The half saw a decline in Lion’s beer volumes of 5.2%, driven by an overall decline in the beer market and the timing of Easter in April instead of March. Spirits and RTD volumes experienced a smaller decline of 2.1%, while cider experienced strong growth off a small base, with Lion achieving category leadership. As indicated above, wine volumes increased significantly.
Dairy and Drinks
As previously communicated, conditions in both the dairy and juice sectors remain very difficult for farmers and processors alike.
Lion has quality dairy and drinks brands that require investment to reach their full potential and remains committed to patient investment in its core strategic assets – its people, brands and production assets – to deliver sustainable growth over the long term.
Lion’s dairy and drinks business is still a long way from achieving an acceptable return on invested capital and continues to face significant margin pressures in both dairy and juice.
The dairy and drinks division delivered operating earnings before interest and tax (EBIT) of $68.3 million, a decline of 43.2%. Revenue declined 9.4% to $1.4 billion, driven by the loss of key private label contracts and a decrease in export sales due to the impact of the strong Australian dollar.
Lion’s white milk volumes declined 10.9%, largely driven by the private label contract losses, however this was compounded as deep discounting saw consumers switch from branded products to private label and from convenience stores to grocery – diluting the profit pool available to all players in the supply chain.
Despite these conditions in white milk, Lion’s branded dairy beverages performed well, driven by the launch of Dare in West Australia and Victoria, while Yoplait and Farmer’s Union drove an increase in yoghurt sales.
Lion also announced the results of a review of its cheese manufacturing assets during the half, which included a $132 million investment into its cheese manufacturing site in Tasmania.
Despite the tough trading conditions experienced in the first half, Lion remains committed to its strategy of patient investment in its core strategic assets to drive sustainable growth in the long term.
Tough conditions have persisted across all Lion’s key markets; however the Company expects the beer market to return to historical trends when the current cyclical consumer pressures moderate.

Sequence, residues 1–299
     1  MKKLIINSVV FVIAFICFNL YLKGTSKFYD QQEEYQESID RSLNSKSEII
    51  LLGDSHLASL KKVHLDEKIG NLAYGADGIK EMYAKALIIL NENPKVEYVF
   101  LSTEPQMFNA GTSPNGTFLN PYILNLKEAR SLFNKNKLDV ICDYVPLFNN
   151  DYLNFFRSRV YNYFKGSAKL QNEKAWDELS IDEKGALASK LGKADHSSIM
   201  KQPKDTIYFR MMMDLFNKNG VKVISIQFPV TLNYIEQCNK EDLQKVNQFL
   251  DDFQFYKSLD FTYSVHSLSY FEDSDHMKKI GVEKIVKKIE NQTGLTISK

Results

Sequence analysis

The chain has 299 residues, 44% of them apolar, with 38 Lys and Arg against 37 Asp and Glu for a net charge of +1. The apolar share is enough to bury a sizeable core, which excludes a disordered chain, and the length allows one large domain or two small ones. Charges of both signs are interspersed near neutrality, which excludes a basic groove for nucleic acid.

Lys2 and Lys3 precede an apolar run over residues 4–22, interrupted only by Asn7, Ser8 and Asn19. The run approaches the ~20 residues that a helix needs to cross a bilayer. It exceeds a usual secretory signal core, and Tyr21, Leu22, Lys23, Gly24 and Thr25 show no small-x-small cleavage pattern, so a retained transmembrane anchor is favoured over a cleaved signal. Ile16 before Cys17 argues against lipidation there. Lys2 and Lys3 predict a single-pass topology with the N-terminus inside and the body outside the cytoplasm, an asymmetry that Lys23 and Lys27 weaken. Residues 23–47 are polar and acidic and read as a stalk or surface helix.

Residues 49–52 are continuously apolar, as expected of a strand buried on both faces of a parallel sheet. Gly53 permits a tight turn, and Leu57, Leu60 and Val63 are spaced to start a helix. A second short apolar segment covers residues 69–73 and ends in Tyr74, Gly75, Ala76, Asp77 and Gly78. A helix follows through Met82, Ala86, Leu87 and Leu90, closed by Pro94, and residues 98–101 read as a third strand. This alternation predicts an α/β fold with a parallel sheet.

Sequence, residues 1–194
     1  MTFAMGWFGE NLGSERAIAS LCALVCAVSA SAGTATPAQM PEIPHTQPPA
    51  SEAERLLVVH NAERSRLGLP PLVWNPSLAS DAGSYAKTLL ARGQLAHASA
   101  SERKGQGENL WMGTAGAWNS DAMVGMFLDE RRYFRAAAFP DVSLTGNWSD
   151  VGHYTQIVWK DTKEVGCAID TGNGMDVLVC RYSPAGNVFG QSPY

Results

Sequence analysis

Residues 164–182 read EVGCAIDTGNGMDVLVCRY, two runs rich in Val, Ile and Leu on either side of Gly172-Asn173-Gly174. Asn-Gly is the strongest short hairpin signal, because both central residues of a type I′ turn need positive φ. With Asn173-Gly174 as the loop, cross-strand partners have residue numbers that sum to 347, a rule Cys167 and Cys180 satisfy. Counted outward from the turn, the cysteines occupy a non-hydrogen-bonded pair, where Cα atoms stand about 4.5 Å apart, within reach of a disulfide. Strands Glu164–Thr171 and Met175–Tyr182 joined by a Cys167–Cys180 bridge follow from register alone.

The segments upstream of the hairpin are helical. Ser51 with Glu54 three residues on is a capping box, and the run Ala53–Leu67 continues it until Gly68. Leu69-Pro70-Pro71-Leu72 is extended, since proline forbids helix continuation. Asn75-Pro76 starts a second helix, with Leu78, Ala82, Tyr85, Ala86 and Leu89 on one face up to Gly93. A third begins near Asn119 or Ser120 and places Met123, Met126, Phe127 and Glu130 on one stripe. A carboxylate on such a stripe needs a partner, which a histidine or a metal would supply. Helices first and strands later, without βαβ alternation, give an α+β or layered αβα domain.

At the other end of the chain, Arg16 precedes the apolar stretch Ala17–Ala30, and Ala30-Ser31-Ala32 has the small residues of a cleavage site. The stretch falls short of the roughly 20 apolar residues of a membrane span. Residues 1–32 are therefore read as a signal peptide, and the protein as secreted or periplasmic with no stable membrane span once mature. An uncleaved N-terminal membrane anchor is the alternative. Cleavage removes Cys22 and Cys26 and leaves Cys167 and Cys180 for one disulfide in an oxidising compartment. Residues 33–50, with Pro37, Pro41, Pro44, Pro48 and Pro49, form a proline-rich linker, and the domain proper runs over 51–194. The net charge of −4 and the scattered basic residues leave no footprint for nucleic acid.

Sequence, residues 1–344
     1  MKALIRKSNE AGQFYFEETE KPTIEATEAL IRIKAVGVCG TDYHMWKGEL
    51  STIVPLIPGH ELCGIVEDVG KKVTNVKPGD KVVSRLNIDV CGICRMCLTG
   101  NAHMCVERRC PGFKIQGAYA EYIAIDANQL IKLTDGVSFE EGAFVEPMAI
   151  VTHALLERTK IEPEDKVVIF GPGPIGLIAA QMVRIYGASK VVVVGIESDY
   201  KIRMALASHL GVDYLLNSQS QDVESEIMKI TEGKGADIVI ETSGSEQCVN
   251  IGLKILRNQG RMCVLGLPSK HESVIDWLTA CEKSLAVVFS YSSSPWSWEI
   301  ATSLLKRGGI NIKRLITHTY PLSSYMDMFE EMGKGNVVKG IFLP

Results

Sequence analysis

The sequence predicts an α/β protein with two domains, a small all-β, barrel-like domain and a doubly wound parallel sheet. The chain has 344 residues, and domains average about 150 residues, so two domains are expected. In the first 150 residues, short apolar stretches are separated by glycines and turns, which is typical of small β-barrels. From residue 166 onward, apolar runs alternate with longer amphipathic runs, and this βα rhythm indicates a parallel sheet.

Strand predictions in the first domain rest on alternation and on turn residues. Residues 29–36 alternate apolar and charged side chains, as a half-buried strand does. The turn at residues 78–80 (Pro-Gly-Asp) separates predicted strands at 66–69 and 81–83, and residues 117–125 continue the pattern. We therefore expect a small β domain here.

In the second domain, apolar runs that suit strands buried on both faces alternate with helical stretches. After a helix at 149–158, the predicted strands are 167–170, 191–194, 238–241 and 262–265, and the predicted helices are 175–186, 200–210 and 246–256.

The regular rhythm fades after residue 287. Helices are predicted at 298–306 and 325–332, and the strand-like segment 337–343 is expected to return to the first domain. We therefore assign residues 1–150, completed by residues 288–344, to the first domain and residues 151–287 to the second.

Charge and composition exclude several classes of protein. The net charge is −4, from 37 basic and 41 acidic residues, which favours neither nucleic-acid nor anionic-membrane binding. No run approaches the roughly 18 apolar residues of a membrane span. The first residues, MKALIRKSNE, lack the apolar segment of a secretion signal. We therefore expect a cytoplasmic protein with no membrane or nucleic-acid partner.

Since March, Lion’s Australian beer market share returned quickly to long-term trend after a moderation of the significant competitor pricing behaviour seen in the first half. While the market volume contraction continues, over the last quarter Lion volume declines have been at a slower rate than the market.
The classic full-strength beer segment in Australia is in long term decline, however Lion’s portfolio is well positioned to capitalise on key market trends such as wellbeing, premiumisation and the growth of consumer repertoires, with consumers on average now choosing between more than seven different beer brands.
Lion markets the leading craft beer trademark in James Squire and the leading mid and light alcohol products in XXXX Gold and Hahn Premium Light.
Lion’s two new low-carb market entrants, Hahn Super Dry 3.5 and XXXX Summer Bright Lager, are both performing well and Lion achieved leadership in the full-strength low-carb segment for the first time during the half.
Despite the difficult trading conditions, premiumisation continues to drive positive mix in the marketplace. Innovation through contemporary mainstream brands like XXXX Summer Bright Lager and Hahn Super Dry is growing new, value enhancing market segments.
Considering the recall during the half’s key selling period, the Boags portfolio performed well and Lion believes it has significant further growth potential.
Lion’s beer, spirits and wine division in New Zealand is recovering from the Christchurch earthquake, with the business announcing a $43 million investment across three sites in New Zealand to compensate for lost production at its damaged Canterbury Brewery, located in the Christchurch CBD.
Lion’s dairy and drinks business faces significant challenges in delivering sustainable returns, with continued input cost and margin pressures. The business remains focussed on investment in innovation and its high potential brands, to drive differentiation and value in the market for the benefit of all stakeholders.
12 Aug. 2011